10 TAYLOR MADE: He overcame three back surgeries to return to the top 100 in one of the feel-good stories of ’09, but his serve-and-volley arsenal no longer the effective weapon it once was, the Newport Beach-born Taylor Dent calls it a career in November. The son of Aussie legend Phil Dent, he has four career titles to his credit and rose to a career-high No. 21 in ’05. The 29-year-old, who is married to former WTA pro Jennifer Hopkins, was confined to his bed for 23 hours a day for nearly a year before his comeback. “I was told by the doctors that this was not realistic,” he says. “I kind of succumbed to the fact I had to have the surgeries to have a normal life. I came to grips with the fact that I wasn’t going to be able to play professional tennis anymore.”


1 MARATHON MAN: Five sets, 11 hours, three days, 138 games, 215 aces and one hard-earned victory for John Isner. In a Wimbledon first rounder for the ages, the former Georgia Bulldog outlasts Frenchman Nicolas Mahut 6-4, 3-6, 6-7(7), 7-6(3), 70-68 in the longest match in tennis history. Says Isner’s former collegiate coach, Manny Diaz, “That was an amazing feat. I was glued to the TV for three days. They say records are made to be broken. I don’t think there’s any way in the world that record is ever going to be broken.”

2 WELCOME BACK: For the first time in nine years, the ATP Tour returns to Atlanta in the form of the mid-July Atlanta Tennis Championships at the Atlanta Athletic Club. Mardy Fish wins the inaugural event, overcoming hometown favorite John Isner and on-court temperatures that soar well beyond 100 degrees. Suffering from dehydration, Fish — who sets personal bests by winning his second straight tournament and his 10th straight match — needs an IV drip after the match to recover. “It took a lot out of both of us,” says Isner. “I don’t think I’ve ever played in conditions this hot, humid and rough.”

3 HOME COOKIN’: Playing on her home courts in Athens, Ga., UGA sophomore Chelsey Gullickson upends four higher ranked players — Florida’s Allie Will, Georgia Tech’s Irina Falconi, Stanford’s Hillary Barte and Cal’s Jana Juricova — en route to the NCAA singles crown. “I’ve had a lot of ups and downs this season, but this is very exciting,” says Gullickson. “The crowd was awesome. They got me excited and pushed the nerves out.”

4 DREAMING BIG: The Atlanta Athletic Club hosts the U.S. Open National Playoffs Men’s Championships, a new nationwide competition that offers a shot at the qualifying draw in Flushing Meadows. Blake Strode, 23, a two-time SEC Scholar-Athlete of the Year at Arkansas, puts an offer from Harvard Law School on hold to pursue his pro dreams. And it pays off as he outpaces 858 other competitors to win it all, edging Cecil Mamiit in a thrilling 2-6, 6-4, 7-6(1) final.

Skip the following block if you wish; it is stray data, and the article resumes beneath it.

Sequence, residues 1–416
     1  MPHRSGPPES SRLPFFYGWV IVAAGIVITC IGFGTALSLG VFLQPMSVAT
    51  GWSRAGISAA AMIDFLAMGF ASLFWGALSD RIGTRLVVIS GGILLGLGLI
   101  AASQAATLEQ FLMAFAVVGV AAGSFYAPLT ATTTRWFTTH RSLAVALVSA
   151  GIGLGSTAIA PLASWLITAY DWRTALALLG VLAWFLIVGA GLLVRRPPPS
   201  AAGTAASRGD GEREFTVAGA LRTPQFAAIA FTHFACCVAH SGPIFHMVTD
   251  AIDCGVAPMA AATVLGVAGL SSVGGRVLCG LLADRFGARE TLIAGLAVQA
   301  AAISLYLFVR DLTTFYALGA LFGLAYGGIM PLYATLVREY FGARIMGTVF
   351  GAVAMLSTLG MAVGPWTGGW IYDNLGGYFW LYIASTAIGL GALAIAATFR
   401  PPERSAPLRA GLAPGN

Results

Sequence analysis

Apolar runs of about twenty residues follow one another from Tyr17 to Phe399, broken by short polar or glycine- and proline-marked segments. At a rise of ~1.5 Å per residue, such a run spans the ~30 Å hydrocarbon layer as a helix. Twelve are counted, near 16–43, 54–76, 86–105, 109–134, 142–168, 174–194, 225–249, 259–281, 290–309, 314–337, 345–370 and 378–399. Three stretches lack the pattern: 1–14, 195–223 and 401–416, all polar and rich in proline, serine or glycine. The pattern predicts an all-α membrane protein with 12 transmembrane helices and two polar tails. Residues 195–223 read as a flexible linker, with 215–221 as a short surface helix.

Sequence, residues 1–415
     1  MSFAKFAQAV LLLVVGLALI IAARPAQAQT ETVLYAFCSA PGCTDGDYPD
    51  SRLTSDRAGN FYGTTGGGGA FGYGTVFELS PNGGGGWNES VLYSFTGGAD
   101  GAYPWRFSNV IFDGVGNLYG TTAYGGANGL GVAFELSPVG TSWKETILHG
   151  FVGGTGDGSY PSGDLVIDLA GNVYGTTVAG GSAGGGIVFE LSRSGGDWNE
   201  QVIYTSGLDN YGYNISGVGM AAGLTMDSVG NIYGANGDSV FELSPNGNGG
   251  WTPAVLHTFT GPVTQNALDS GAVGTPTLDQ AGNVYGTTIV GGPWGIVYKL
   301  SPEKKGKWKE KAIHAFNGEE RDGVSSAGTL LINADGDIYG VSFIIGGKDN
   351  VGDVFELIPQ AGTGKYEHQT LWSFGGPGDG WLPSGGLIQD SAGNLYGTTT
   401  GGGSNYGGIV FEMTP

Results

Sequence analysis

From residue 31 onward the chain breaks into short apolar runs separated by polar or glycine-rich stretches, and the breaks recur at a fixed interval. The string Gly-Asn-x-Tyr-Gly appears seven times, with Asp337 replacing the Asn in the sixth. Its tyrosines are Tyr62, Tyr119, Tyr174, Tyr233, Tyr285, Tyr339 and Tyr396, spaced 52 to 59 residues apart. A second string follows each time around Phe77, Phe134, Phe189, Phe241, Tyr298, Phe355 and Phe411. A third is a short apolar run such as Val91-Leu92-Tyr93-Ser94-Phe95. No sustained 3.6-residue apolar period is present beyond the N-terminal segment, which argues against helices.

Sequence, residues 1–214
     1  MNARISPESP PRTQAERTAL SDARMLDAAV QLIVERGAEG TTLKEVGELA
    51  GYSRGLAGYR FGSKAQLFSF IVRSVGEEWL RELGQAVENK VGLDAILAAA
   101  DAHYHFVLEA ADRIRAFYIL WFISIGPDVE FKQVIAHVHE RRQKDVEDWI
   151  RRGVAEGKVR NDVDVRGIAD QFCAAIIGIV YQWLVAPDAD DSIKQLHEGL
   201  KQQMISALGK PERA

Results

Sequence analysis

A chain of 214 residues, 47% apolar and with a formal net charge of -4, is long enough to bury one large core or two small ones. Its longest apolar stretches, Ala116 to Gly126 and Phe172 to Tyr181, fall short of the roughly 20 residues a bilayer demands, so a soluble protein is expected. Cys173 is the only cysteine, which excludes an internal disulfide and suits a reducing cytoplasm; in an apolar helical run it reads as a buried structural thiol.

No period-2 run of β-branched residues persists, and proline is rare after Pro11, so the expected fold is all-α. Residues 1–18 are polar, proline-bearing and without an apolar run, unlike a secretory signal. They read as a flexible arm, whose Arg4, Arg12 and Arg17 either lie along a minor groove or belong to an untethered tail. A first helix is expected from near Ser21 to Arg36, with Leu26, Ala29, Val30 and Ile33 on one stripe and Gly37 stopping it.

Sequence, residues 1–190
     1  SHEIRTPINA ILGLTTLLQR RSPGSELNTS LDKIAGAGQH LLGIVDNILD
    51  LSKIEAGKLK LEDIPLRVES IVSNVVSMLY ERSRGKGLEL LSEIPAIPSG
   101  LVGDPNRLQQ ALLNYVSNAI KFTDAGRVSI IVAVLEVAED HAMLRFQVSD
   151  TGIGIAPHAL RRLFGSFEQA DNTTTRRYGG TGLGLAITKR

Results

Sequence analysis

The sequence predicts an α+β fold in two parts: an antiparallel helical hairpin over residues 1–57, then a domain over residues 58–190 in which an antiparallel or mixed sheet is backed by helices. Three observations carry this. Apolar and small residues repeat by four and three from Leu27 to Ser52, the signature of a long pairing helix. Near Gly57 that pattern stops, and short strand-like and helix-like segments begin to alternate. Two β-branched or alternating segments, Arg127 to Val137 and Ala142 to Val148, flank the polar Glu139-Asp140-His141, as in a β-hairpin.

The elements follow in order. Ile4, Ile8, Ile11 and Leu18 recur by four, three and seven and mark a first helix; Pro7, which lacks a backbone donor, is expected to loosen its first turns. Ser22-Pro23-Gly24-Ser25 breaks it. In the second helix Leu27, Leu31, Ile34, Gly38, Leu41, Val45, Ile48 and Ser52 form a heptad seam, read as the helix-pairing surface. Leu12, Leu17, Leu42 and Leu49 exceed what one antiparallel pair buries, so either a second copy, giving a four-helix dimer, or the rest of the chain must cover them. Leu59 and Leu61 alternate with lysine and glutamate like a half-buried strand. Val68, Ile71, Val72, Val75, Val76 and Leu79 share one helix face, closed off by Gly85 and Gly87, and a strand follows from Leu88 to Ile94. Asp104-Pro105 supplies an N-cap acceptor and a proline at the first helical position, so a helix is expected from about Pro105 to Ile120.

5 FLY HIGH, FALCONI!: After posting a 40-3 singles record, Georgia Tech’s Irina Falconi is been named ITA National College Player of the Year, becoming just the second Yellow Jacket in school history to accomplish the feat. Falconi finishes the season with the best single-season winning percentage (.930) in program history. The Floridian subsequently announces that she’ll forgo her final two seasons at GA Tech to pursue a pro career. “I’m going to miss the college tennis world, but I really felt like I was ready to take the next step,” she says.

6 YOU CAN BE MY NO. 2: Atlanta — which boasts the largest tennis-playing population in the world — comes up just short in the USTA’s Best Tennis Town competition at the U.S. Open, narrowly finishing second behind Charlotte, S.C. Says Atlanta Mayor Kasim Reed, “I promise you we’ll be back and competing to make Atlanta No. 1. I still believe that Atlanta is No. 1, but Charleston prevailed. I want them to enjoy this moment because I plan on Atlanta winning in the future.” Atlanta earns $50,000 for tennis programs and facility improvements at parks around the city.

7 BELIEVE: Melanie Oudin may have stalled in the wake of her improbable run to the ’09 U.S. Open quarters, but the 18-year-old never lost her vote of confidence from Fed Cup captain Mary Joe Fernandez, who, with Venus and Serena Williams unavailable, calls upon the 5-foot-6 Georgian to lead her squad against France in an away-on-indoor-clay quarterfinal. With a pair of rise-to-the-occasion wins, Oudin leads the U.S. to a 4-1 upset, earning the underdog U.S. team a matchup against Russia in the semis. Oudin later comes off the bench in the final against Italy to shock RG champ Francesca Schiavone 6-3, 6-1.

8 JACKETS REQUIRED: Armed with the nation’s top ranked player, the No. 20 Georgia Tech women knock out the No. 11-, No. 8- and No. 1-ranked teams in the country to win the ACC Championships. Tournament MVP Irina Falconi clinches the title for the Yellow Jackets, overcoming an ankle injury to defeat UNC’s Sanaz Marand. “It’s certainly one of the biggest highlights in program history,” says head coach Bryan Shelton.

9 YOU NEVER FORGET YOUR FIRST TITLE: Georgia alum John Isner notches 22 aces to capture the first title of his career in Auckland with a 6-3, 5-7, 7-6(2) win over French vet Arnaud Clement. Moving into the top 30 for the first time, he celebrates by donating $5,000 for earthquake relief in Haiti. “It was something I felt I could easily do,” he says. “It makes you realize how lucky you are.”

10 RG WINS AT RG: Kennesaw, Georgia’s Robby Ginepri — the last American man standing in the Roland Garros singles draw – upsets former champ J.C. Ferrero on the terre battue 7-5, 6-3, 3-6, 2-6, 6-4 in 3 hours, 16 minutes. Following his epic third-round win over the Spaniard, Ginepri says he’s beginning to feel at home in Paris: “Well, the initials of the tournament are RG, so it’s kind of right there,” he quips.